The house built behind bales of straw and covered by tarpaulin at Salfords, near Reigate, to hide it from the council until the expiry of the four year planning enforcement period has just been demolished by the owner, Robert Fiddler.
It has been a long time coming!
Fiddler’s appeal against the Planning Inspector’s decision to uphold the Enforcement Notice issued by the Reigate and Banstead District Council for demolition was refused as long ago as February 2010. The Court of Appeal dismissed his next appeal in September 2011. The “deliberate deception” ensured that the appeal had “no prospect whatsoever of succeeding” (per Lord Justice Sullivan). The High Court refused to lift an injunction (made by consent) in June 2014 requiring Fiddler to comply with the Enforcement Notice.
The injunction had been suspended pending the outcome of Fiddler’s appeal against the refusal of the council to grant retrospective planning permission for the house. In March 2015 The Secretary of State refused the appeal on the grounds that there were no special circumstances to justify the harm to the Green Belt caused by the house. The council pursued the matter, and within proceedings applied for contempt and committal proceedings which Fiddler tried to defend on three grounds in November last year.
The first was that in order to comply with the order to demolish, it would expose him to criminal liability since he claimed he would be interfering with or harming protected species but the court found this contention misconceived because criminal liability can only occur in relation to unlicensed harm.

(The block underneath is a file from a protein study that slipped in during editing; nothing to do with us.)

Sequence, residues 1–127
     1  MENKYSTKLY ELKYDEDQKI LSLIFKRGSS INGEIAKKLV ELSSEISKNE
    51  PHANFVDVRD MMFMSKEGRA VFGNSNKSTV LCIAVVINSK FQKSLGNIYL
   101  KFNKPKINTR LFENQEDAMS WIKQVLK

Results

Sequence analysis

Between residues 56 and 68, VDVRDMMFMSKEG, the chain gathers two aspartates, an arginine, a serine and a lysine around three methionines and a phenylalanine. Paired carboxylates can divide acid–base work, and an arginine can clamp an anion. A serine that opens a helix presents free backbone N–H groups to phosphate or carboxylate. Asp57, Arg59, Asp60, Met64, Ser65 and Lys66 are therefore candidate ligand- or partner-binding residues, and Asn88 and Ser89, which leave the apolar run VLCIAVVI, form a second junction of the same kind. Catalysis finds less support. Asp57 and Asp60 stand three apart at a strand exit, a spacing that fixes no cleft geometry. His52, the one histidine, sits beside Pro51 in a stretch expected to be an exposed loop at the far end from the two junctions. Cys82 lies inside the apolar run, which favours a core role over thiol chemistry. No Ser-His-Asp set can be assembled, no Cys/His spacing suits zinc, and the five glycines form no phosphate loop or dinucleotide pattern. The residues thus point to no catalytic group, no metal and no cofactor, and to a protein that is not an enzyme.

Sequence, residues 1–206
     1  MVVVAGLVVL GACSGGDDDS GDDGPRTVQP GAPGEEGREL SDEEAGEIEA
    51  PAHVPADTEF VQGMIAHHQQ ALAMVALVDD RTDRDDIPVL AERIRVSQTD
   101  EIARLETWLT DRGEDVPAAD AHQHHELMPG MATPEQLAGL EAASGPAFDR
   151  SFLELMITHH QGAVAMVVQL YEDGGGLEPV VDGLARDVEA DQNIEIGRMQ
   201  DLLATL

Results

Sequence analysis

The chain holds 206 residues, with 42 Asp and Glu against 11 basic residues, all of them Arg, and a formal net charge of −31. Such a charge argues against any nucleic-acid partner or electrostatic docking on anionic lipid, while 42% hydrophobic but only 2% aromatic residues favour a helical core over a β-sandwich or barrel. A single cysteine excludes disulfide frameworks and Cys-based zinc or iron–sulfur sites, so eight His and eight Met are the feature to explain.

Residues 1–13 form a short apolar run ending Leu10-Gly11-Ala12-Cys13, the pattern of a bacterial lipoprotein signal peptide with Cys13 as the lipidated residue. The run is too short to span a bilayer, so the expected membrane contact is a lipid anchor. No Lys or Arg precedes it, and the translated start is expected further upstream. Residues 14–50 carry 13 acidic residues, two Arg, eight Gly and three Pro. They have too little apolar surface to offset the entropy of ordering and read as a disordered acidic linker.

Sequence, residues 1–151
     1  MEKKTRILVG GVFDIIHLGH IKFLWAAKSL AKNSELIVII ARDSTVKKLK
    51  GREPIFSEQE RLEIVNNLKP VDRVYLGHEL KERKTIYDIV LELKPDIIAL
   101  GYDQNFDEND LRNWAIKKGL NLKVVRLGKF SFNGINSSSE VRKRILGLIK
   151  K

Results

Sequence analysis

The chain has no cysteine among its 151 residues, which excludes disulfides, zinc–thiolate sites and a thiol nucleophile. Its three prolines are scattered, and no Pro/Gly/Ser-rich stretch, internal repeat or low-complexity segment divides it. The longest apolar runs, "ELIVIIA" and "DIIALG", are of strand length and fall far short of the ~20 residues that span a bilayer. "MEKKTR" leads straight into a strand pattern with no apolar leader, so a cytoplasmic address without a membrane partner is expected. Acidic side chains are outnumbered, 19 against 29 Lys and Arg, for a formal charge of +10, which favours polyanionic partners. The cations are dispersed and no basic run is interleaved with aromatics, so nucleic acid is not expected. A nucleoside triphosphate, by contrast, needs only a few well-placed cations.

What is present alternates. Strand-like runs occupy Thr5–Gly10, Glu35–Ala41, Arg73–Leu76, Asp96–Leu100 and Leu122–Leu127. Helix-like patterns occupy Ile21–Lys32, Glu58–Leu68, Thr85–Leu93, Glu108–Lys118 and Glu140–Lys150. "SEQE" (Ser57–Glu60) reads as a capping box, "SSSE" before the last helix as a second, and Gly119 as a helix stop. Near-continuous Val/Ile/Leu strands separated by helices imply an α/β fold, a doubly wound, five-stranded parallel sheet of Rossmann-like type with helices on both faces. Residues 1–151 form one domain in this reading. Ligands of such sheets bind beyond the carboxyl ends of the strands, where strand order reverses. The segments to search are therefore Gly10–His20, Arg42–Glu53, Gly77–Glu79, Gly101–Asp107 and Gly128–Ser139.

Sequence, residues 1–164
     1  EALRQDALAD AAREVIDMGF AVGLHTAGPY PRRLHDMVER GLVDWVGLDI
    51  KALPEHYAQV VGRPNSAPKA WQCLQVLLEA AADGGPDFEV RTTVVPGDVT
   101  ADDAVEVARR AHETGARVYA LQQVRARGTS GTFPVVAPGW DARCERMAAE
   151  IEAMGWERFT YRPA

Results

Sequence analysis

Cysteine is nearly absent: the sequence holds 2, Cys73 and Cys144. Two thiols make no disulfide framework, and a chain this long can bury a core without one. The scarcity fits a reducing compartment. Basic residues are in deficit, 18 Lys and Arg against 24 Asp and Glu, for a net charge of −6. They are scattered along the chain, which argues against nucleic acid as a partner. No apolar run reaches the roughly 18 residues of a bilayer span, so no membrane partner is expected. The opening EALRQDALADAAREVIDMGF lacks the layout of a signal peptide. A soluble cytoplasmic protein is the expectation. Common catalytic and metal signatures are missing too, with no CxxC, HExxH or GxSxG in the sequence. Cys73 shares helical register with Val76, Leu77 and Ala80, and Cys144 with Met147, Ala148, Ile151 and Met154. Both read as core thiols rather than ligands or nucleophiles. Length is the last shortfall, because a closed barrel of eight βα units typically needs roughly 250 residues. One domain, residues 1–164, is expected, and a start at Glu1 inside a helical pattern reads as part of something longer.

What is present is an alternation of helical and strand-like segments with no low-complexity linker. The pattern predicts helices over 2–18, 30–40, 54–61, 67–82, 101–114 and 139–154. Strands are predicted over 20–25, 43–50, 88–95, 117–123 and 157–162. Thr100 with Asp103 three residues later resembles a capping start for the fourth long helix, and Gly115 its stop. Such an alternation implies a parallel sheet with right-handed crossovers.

The second claim was that he was no longer the owner of the property in question. He contended that the land had been sold to a third party in a document witnessed by a solicitor. A bizarrely drafted document was produced which the court had no difficulty in finding was not a legally binding transfer of the property.
The third submission alleged that the behaviour of the council had been dishonourable and deceptive, but again the court found that none of the dealings by the council justified Mr Fiddler in not complying with the Enforcement Notices. The court held that the circumstances of such “intentional defiance richly merits the marking of his contempt with a prison sentence”. A prison sentence of three months was made, but suspended until 6 June 2016 to give sufficient time to enable Mr Fiddler to arrange demolition of the house. It was made clear that if the order was not complied with, Mr Fiddler would be arrested and imprisoned on 6 June.
The huff and puff of Reigate and Banstead District Council did eventually bring the house down!